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Forza Horizon 5 Review

Verdict

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Forza Horizon 5 is more of the same for the series and it makes a glorious impression. It’s a visual treat on Series X, with fun and approachable gameplay that always feel varied.

Pros

  • Absolutely stunning visually
  • The cars are a dream to drive
  • Loads of varied events

Cons

  • Lack of ray tracing in the main game

Availability

  • UKRRP: £54.99
  • USARRP: $55

Key Features

  • PlatformsAvailable on Xbox Series X|S, Windows PC, Xbox One

Introduction

Forza Horizon 5 is exactly what you expect it to be: a gorgeous open-world playground full of cars, diverse environments and plenty to do.

Set in Mexico this time around, Forza Horizon 5 doesn’t stray much from the blueprint set by the excellent previous entries in the series. It’s an open-world car game, with just as much of a focus on exploration as on racing.

After spending numerous hours lost in the gorgeous world of the game, there’s no denying this is one of the greatest racing games ever made.

Gameplay

  • Very similar gameplay to its predecessor
  • Fun to play even if you’re not into racers
  • Each vehicle features its own unique trait

There hasn’t been a huge shift in gameplay for Forza Horizon 5, and that’s no bad thing. Like Horizon 4, the focus here is on cars that feel fun to drive, rather than trying to simulate the real-life experience. You have the regular Forza Motorsport series for that.

There’s certainly an arcadey slant to the driving, but there remains a satisfying feel, with each vehicle displaying unique traits. The Land Rover Defender, for example, bounces off the dirt, while a sportier model rattles down the highway.

Braking feels tighter this time around and cars have more weight to them, which gives an added sense of realism. The balance between fun racing and Forza’s simulation roots is handled fantastically, with just enough skill required to really master every car.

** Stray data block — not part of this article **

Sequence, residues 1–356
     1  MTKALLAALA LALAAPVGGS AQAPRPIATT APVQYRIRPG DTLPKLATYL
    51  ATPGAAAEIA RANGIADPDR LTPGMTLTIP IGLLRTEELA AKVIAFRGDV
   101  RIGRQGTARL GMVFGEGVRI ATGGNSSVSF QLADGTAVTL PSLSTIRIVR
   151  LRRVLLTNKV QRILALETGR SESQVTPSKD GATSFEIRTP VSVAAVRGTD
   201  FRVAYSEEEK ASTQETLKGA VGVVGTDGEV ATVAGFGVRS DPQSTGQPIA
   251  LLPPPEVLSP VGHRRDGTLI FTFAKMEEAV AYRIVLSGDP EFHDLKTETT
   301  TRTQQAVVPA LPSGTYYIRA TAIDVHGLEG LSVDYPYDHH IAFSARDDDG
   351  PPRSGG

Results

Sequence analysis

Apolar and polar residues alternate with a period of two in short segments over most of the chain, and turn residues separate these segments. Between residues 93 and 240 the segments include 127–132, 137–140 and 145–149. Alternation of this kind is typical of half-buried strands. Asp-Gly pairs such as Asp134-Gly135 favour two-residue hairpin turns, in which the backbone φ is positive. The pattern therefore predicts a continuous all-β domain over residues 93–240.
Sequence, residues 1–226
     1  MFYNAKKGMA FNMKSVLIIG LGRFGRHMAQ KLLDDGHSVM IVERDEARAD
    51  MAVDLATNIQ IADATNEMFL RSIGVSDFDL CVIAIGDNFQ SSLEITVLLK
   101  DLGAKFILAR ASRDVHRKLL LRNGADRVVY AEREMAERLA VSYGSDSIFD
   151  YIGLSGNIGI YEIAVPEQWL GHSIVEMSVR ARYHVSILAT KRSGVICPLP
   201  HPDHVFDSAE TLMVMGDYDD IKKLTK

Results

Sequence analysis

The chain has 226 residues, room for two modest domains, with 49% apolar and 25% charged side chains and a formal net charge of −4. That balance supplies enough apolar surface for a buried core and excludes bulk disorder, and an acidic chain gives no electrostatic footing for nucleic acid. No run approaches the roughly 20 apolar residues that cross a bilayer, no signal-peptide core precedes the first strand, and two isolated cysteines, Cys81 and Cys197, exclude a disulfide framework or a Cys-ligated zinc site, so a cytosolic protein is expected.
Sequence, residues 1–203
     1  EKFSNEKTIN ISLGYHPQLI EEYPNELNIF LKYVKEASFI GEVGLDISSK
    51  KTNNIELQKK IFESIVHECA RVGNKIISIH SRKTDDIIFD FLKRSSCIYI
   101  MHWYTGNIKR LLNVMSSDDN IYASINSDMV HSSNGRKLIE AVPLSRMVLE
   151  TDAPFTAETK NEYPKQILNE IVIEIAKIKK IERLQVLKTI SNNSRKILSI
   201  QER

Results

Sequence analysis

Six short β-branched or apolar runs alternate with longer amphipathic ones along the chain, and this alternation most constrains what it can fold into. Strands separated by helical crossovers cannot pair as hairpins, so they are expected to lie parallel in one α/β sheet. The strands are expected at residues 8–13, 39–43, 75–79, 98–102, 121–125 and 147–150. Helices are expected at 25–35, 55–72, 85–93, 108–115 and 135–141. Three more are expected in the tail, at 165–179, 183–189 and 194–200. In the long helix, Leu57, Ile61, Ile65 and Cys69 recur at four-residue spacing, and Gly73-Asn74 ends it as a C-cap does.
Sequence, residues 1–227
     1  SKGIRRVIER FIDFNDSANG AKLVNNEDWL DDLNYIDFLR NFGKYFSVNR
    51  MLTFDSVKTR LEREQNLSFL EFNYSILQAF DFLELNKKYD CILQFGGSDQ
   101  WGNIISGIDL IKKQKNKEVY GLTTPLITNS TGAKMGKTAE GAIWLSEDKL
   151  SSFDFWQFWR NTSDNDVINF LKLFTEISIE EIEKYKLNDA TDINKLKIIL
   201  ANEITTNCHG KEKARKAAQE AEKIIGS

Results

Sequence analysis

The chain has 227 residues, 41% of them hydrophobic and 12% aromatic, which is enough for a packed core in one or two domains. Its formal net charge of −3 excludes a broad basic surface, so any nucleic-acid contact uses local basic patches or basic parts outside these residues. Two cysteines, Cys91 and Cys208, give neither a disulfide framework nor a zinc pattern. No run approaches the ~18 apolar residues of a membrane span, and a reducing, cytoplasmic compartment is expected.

At its core, Forza Horizon 5 is simply fun to play – whether you’re big into racing games, or not. It does a great job of getting you into the action fast, as you move between multiple vehicles in an exhilarating opening act that showcases the diversity both in the vehicles on offer and the various environments you’ll delve deeper into later.
Within a few minutes you’ll have already raced off-road, through a beautifully realised jungle and more, all in various vehicles.

The game’s verticality is immediately obvious, too, as you start off on the top of an active volcano. Previous Forza Horizon have felt grand in scope, but lacking in height – that issue is solved within seconds of playing Horizon 5.

Race

Graphics and Presentation

  • Most “next-gen” experience on Xbox yet
  • No ray tracing enabled in the main game

I’ve been playing Forza Horizon 5 primarily on Xbox Series X – and, visually, it’s a stunning title. It’s certainly one of the most obvious ‘next-gen’ experiences I’ve seen on the Microsoft console. 

If you’re playing on an Xbox One S or One X, the experience remains impressive. Both of the older machines handle the game very well, looking pretty darn impressive in the process. While this is a showcase for the Series X, it gets far more out of the older consoles than I was expecting.

On the Series X you have a duo of modes: Graphics and Performance. I went straight for Performance mode, which targets 60fps along with a 3840 x 2160 resolution; it plays superbly. Graphics mode targets the same resolution but enables ray tracing in the Forza Vista mode. If you’re playing on a Series S then the resolution goes down to 1080p (again, with 30 or 60fps options).

Forza Horizon 5 system requirements